Now, you could argue that none of these monsters has become as iconic as the beholder, and you could have a point (though there may be others—the gelatinous cube?—that come close). But saying that there are few creatures representing original D&D IP, and that the vast majority of D&D monsters come from earlier fiction and mythologies, is just wrong.

    18. (For that matter, incidentally, one monster that wasn't released as open content in third edition was based on earlier fiction... the displacer beast, which was inspired by a creature called a coeurl from a science fiction story by A. E. van Vogt. So not only is it not the case that all the monsters released as open content under the d20 license weren't original D&D IP, but the converse isn't true either.)

    19. Well, there are more 'original' monsters than I thought. I would have guessed there were about 10% in the original MM, but it's more like 20% (being slightly generous with my definition of original). The other 80% is split fairly evenly between animals (incl. prehistoric and giant varieties) and mythological/fictional beasts.

  3. "Dran Draggore," huh? That's clearly Q.

  4. Shocking grasp has a lot more utility when playing in a PnP game. You don't have to pierce an enemy's AC, just touch them, but I haven't seen this implemented in a D&D cRPG. I'm not sure if it's in the original rules, but we played that electrical attacks dealt double damage to creatures in water and metallic armor.

    Burning Hands should hit a group, giving it a little more utility, but a saving throw cuts damage in half. Magic Missile did not originally have a saving throw.

    Can you use a wall of force to block fireball traps? In PnP you could build a rectangular wall, or a dome; probably not that useful, but I think it could also cancel out a single disintegrate.

    Slow poison is useful for the instant death poisons, but if all poison does in this game is small damage over time, then yeah it's useless.

  5. I always thought that the beholder stuck in the ceiling was a spoof.

  6. "It's hard to imagine a scenario in which bulettes ("land sharks") and frost giants make an appearance."

    I barely remember the bulettes, but the frost giants are certainly memorable and well used. :-)

  7. The point of the Armor spell is that wizards cannot wear regular armor. Of course, by this point you'll have magic robes or bracers that do the same thing.
    I'm pretty sure Burning Hands works from the rear rank, too. It's an area effect, which Magic Missile isn't.
    Shield should boost your AC against everything. Not that you're likely to have a wizard in the front rank, anyway.
    The point of Shocking Grasp is that it remains active until you successfully touch someone. Still not great though. And no, it's not in any rules that it deals double damage to anything.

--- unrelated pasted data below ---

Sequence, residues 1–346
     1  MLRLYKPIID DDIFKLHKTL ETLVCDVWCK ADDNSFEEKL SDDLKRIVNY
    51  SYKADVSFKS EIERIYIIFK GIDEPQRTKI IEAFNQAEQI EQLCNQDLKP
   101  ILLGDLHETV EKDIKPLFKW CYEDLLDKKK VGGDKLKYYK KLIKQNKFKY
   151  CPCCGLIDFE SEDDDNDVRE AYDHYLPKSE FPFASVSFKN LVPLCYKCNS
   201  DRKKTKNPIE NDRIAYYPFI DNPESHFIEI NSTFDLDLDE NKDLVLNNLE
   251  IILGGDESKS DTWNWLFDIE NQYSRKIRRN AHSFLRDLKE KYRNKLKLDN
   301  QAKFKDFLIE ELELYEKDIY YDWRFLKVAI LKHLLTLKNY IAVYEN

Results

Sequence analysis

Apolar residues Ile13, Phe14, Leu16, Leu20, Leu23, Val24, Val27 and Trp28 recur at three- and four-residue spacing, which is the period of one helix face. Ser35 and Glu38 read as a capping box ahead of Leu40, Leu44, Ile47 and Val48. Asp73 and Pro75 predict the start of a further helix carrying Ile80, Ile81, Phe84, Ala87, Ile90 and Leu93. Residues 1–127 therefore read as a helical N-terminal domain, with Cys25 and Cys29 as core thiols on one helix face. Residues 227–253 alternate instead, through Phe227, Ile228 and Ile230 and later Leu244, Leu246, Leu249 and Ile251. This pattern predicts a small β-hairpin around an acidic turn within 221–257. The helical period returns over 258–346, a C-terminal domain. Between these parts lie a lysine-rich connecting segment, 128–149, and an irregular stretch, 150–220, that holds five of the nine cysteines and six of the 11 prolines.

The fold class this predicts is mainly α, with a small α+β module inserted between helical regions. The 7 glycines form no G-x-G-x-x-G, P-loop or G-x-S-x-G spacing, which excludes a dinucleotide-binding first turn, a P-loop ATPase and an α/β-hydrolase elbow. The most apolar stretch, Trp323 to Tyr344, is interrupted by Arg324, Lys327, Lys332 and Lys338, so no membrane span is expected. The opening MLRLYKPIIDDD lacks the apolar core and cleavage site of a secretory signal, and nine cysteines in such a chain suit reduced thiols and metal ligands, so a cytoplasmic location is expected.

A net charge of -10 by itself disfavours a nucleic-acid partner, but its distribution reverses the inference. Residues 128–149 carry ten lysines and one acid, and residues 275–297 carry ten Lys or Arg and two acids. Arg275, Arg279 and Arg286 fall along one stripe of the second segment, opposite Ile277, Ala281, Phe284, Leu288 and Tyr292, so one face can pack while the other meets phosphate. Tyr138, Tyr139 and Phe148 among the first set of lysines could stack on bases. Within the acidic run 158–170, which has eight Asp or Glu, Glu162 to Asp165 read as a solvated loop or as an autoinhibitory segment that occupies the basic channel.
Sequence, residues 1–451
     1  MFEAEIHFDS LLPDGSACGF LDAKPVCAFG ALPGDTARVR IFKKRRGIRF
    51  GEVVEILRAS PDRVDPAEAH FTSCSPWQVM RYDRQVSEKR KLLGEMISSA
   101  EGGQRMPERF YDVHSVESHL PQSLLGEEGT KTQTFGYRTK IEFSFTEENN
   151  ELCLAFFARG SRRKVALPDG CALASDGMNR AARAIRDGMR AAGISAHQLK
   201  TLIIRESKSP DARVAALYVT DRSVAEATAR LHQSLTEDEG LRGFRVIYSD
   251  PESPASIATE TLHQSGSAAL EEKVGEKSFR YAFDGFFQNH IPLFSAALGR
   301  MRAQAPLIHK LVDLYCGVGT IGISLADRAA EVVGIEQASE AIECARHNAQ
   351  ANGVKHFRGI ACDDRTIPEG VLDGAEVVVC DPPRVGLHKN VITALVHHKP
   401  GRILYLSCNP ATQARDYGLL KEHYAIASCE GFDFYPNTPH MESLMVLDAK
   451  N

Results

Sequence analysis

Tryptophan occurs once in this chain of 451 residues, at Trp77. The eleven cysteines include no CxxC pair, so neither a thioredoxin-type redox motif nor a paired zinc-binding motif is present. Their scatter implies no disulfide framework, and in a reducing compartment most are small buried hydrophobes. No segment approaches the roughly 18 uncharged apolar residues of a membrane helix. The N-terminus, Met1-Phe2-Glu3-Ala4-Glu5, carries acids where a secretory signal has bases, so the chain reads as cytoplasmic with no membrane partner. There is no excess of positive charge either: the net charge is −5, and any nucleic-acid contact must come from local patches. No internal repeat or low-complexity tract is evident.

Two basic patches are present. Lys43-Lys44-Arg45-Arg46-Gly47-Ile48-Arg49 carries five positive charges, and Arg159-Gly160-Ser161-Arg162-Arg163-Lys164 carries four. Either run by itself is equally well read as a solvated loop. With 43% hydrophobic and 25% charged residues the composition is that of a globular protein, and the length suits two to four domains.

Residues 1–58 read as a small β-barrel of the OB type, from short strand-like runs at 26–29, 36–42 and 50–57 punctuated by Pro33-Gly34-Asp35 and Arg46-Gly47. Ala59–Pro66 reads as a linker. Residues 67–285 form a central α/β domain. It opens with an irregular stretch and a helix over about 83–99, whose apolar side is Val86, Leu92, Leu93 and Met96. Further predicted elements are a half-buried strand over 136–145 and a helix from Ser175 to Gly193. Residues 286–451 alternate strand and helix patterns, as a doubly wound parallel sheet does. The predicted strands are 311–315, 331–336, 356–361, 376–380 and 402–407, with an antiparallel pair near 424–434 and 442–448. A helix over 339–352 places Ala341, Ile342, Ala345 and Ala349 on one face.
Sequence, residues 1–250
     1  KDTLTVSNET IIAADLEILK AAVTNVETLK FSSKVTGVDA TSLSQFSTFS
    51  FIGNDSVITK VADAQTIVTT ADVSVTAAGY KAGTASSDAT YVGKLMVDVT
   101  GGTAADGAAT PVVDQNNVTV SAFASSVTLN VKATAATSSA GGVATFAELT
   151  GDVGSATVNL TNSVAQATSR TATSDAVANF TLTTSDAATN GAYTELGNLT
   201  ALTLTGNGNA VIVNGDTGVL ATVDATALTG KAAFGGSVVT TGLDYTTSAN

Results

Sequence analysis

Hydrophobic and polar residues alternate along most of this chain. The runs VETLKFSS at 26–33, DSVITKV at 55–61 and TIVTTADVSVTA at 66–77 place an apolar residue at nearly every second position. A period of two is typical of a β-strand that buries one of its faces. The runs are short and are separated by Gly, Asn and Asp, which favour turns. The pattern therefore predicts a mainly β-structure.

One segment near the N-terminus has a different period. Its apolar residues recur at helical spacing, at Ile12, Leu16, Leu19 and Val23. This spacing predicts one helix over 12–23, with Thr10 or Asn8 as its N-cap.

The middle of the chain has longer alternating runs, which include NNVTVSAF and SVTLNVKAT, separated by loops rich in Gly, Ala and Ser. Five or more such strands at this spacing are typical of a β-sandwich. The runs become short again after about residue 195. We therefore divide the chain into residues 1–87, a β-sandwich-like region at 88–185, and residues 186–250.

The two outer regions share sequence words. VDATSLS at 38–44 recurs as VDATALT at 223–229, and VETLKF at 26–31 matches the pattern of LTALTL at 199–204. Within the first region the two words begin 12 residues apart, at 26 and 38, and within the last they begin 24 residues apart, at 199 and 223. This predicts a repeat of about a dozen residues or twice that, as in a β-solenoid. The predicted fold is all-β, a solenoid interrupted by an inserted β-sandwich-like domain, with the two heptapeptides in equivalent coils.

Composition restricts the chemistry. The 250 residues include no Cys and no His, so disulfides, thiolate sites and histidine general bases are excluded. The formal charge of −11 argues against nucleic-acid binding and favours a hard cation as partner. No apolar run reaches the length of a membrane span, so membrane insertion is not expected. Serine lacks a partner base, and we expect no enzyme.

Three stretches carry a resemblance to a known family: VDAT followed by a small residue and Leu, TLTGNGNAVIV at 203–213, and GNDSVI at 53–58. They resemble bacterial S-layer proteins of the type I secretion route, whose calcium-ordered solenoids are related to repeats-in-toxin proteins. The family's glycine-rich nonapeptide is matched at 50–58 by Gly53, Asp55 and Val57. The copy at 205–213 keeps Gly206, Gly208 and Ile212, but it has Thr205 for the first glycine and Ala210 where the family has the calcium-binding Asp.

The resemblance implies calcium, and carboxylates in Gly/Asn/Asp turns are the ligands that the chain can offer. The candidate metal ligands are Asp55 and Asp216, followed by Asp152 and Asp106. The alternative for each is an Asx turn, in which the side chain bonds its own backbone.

Vampiric Touch heals the caster by draining the enemy. That's useful if you don't have a cleric, but in a game like this you clearly need a cleric anyway.
    You could prep Neutralize when you expect poison, and Slow Poison when you don't (saving your L4 slot for something better). You can cast Slow and rest while you prep Neutralize.

    1. Invisibility gives you pretty big bonuses to attack and defense. The regular version disappears after you attack, the improved version does not.

      A well-placed Wall of Force can be used to rest in places where monsters respawn. Pbar bs pbyq pna or pnfg guebhtu n jnyy bs sbepr, juvpu vf n oht.

    2. Burning Hands requires a physical touch to hurt an enemy, which is why the wizard would need to be in front, so they can reach who they are attacking.

    3. That is incorrect. Burning Hands causes a jet of flame to shoot from your hands, which is why it's an area effect. It doesn't require touch of any kind.

    4. I remember it described as thumbs touching and flames shooting from finger tips outspread in an arc of 6 - 10 feet. It makes sense to force the wizard into the front otherwise party members would get caught in the spray.

    5. One of the few D&D video games where you'll want to load mages with Burning Hands instead of Magic Missiles is Ravenloft: Strahd's Possession. That game doesn't give BH its typical range limitation, and your party is arrayed in a single row instead of multiple ranks, so mages can constantly pelt the enemy with mini fireballs.

      Shield and Dispel may see use in EotB2 jura lbh svtug gur rarzl zntrf jub nera'g yvfgrq va gur znahny, fb nf gb pbhagre gurve pnfgvatf bs Zntvp Zvffvyr naq Ubyq Crefba. Bs pbhefr, jung lbh'q ernyyl jnag n pbhagre gb vf Sveronyy.

      In addition to the beholder rays on display in the screenshot that humorously illustrates the folly of standing and taking it, I think there are couple more implemented, Inflict Moderate Wounds and Finger of Death.

    6. Strahd's Posession DOES have rows, though they're implemented differently than the other games built on an updated version of its engine. The two characters on the left side of the screen are in front, and the ones on the right are in back. The part about Burning Hands being useful in that game is definitely correct, though.

    7. I think you are both right.

      I definitely spammed tons of Burning Hands in this game, and from the back ranks no less. However, after I completed the game I figured out (reading some AD&D rules), that the spell is actually supposed to be a close combat spell. So the implementation is probably not faithful to the way it is intended to work here.

    8. In D&D rules, the question is not so much how you reach the enemy from the back rank (since all versions of the spell have sufficient reach for that, and none of them involve touching the enemy). The question is how you hit the monsters without having your allies in the area of effect. This is possible but not easy on a battle grid, and simply handwaved in EOB.